Kentucky Research Study Offers Post-Menopausal Women New Information Regarding Their Ovarian Cancer Risk
Embargo expired: 5/5/1998 12:00 AM EDT
Source Newsroom: Society of Gynecologic Oncology
KENTUCKY RESEARCH STUDY OFFERS POST-MENOPAUSAL WOMEN NEW INFORMATION REGARDING THEIR OVARIAN CANCER RISK
CHICAGO, May 5, 1998 -- Should a post-menopausal woman, over the age of 50, who has been diagnosed with cystic ovarian tumors, be alarmed? According to conclusions reached in a new study, "The Malignant Potential of Small Cystic Ovarian Tumors in Women Over 50 Years of Age," published in the April issue of Gynecologic Oncology, alarm is unwarranted, but concern is appropriate.
The authors of this new research are C.L. Bailey, MD, F.R. Ueland, MD, G.L. Land, MD, P.D. DePriest, MD, H.H. Gallion, MD, R.J. Kryscio, MD, and J.R. van Nagell, Jr., MD. The study was a cooperative effort between the Division of Gynecologic Oncology and the Department of Statistics at University of Kentucky Medical Center, Lexington, KY.
Research Objectives: Early ovarian cancer rarely produces any discernible symptoms. Symptoms usually appear only when the cancer is at an advanced stage. Transvaginal sonography has demonstrated its effectiveness in screening for the disease; however, its positive predictive value (PPV) is low, requiring up to 10 women to have ovarian tumors removed in order to detect one case of ovarian cancer. Tumors are one of two types: unilocular tumors that have one compartment or cavity and tend to be benign; and complex tumors that have wall abnormalities, and tend to have a significant risk of malignancy.
The authors of this study set out to determine the potential for malignancy in tumors detected by ultrasound in asymptomatic post-menopausal women or women over 50 years of age. With this information, patient management strategies for operative intervention in this patient group could be devised.
Methodology: Patients included in this study had participated in the University of Kentucky Ovarian Cancer Screening Project from 1987 to 1995. All asymptomatic women who were at least, 50 years old and post-menopausal, were eligible to enroll in the research effort. Women with a known ovarian tumor or personal history of ovarian cancer were excluded from the study. Participating patients completed a medical history questionnaire; transvaginal sonography (TVS) was performed on each, with repeat screening performed at varied intervals, according to the test results.
Results: During the eight year period, 7,705 asymptomatic postmenopausal women were screened. The results revealed unilocular cystic ovarian tumors in 256 women (3.3%), tumors with solid and cystic components (complex ovarian tumors) were present in 250 women screened. Key characteristics of each group follow:
Women with unilocular cystic ovarian tumors
-- The mean age for this group of women was 55.5 years. A family history of ovarian cancer was found in 13.6%, and 42% of the 256 women were taking prescribed hormone replacement therapy.
-- Most of the cysts were located at the surface of the ovary, and few were located centrally. All tumors were less than 10 centimeters (cm) in diameter with 90% of those found were less than 5 cm.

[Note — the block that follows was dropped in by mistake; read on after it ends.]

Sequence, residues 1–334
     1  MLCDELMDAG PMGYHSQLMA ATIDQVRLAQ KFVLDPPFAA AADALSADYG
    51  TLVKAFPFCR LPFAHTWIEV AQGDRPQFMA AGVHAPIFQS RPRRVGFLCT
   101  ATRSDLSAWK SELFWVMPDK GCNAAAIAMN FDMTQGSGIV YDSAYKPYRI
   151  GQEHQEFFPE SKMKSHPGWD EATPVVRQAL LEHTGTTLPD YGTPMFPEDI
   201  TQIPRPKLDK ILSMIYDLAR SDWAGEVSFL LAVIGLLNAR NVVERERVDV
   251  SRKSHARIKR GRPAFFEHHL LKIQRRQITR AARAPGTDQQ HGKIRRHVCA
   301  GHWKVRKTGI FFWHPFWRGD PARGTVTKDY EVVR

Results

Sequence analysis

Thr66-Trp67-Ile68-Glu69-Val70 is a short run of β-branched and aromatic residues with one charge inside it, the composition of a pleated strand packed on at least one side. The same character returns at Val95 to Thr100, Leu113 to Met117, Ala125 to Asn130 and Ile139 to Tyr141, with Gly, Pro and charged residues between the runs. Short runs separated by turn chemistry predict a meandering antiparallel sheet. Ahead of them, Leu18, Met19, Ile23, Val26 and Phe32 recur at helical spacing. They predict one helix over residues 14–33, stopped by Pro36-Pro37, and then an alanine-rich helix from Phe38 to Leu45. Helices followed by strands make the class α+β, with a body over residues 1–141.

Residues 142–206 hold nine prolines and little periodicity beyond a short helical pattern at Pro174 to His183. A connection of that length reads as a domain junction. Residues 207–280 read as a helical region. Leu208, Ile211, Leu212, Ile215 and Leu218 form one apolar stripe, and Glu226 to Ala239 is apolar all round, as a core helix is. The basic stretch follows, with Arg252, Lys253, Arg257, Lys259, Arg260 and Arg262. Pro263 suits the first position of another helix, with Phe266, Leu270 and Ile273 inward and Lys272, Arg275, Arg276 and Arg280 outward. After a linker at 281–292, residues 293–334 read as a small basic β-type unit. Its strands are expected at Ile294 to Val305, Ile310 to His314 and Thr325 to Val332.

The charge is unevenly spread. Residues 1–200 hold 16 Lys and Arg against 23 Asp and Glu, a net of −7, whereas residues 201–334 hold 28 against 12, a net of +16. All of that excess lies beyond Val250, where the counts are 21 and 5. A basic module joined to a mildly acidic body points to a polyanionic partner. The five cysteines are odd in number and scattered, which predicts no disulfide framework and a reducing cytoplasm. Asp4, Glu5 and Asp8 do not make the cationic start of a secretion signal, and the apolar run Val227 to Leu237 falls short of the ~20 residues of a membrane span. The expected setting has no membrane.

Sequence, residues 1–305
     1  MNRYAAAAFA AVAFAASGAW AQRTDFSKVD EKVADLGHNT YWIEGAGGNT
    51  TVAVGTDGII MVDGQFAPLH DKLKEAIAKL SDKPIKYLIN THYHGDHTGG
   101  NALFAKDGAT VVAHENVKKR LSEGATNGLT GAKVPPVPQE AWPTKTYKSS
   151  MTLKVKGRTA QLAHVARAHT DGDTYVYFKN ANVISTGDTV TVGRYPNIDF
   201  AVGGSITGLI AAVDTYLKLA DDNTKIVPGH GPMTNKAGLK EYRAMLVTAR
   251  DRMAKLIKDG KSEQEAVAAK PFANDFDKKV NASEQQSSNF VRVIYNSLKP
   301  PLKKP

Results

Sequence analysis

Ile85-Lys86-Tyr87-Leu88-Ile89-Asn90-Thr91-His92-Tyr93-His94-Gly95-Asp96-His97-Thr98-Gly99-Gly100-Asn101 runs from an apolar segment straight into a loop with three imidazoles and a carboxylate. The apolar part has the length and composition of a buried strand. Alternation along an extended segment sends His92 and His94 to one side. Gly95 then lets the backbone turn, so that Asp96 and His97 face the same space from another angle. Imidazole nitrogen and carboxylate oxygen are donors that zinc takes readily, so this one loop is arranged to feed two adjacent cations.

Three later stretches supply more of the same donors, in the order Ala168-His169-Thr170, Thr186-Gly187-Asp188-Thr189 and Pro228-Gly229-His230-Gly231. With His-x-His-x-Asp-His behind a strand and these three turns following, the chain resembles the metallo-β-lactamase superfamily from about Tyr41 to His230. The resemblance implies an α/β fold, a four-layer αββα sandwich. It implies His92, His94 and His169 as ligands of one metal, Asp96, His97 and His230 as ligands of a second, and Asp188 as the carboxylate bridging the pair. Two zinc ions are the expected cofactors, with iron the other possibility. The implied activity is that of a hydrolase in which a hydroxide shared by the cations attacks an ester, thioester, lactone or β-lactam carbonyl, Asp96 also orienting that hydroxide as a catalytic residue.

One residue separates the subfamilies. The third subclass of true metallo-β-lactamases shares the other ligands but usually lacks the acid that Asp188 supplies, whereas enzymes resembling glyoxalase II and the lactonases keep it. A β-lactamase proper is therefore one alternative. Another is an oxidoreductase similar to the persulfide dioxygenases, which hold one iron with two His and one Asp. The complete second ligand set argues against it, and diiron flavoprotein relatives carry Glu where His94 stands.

-- 125 women (49%) had tumors which resolved spontaneously within 60 days of detection; the balance (131 or 51%) of the women had tumors that persisted. Of the latter group, 45 women underwent laparoscopy or laparotomy with tumor removal, and 86 elected to be followed with serial sonograms. There were no cases of malignancy found in the tumors removed or has ovarian cancer occurred in any of the women now receiving follow-up sonograms.
Women with complex ovarian tumors
-- The mean age of the 250 women in this group was 59.1 years and 10% had a family history of ovarian cancer. Hormone replacements were being taken by 100 women.
-- All of the tumors were less than 10 cm in diameter with 89% less than 5 cm. Of this group, 135 (55%) women had tumors that resolved spontaneously within 60 days of detection; 115 (45%) women had tumors that persisted. Some 114 of the 115 women with persistent complex ovarian masses underwent surgical removal of these tumors, 30 by laparoscopy and 84 by laparotomy.
-- Seven patients had ovarian cancer, one patient had primary peritoneal cancer and one had metastatic breast cancer to the ovary.
The frequency of malignancy in patients with complex ovarian tumors was 6.1% compared to 0% in patients with unilocular cysts.
Conclusion: The results led the authors to suggest that post-menopausal women with unilocular cysts can be followed by sonograms at three to six month intervals. The researchers also believed that significant risk for malignancy recommends surgical removal as the preferred treatment for post-menopausal women with complex ovarian cysts.
"This study clarifies existing information regarding the risk of ovarian cancer," said Karl C. Podratz, MD, Ph.D., President of the Society of Gynecologic Oncology and Director of the Department of Gynecologic Oncology at the Mayo Clinic. He added, "An informed patient population is key to our efforts to reduce the incidence of this insidious disease."
Gynecologic Oncology is published by Academic Press and is the scientific journal of The Society of Gynecologic Oncologists (SGO). SGO is the only United States medical organization dedicated to the prevention, detection, and cure of female cancers. More information about gynecologic cancer is available on the Internet at www.sgo.org or www.wcn.org.
- end - Editor's Note: For the full abstract of this study or questions, contact Johanna Spangenberg at (703) 527-7424.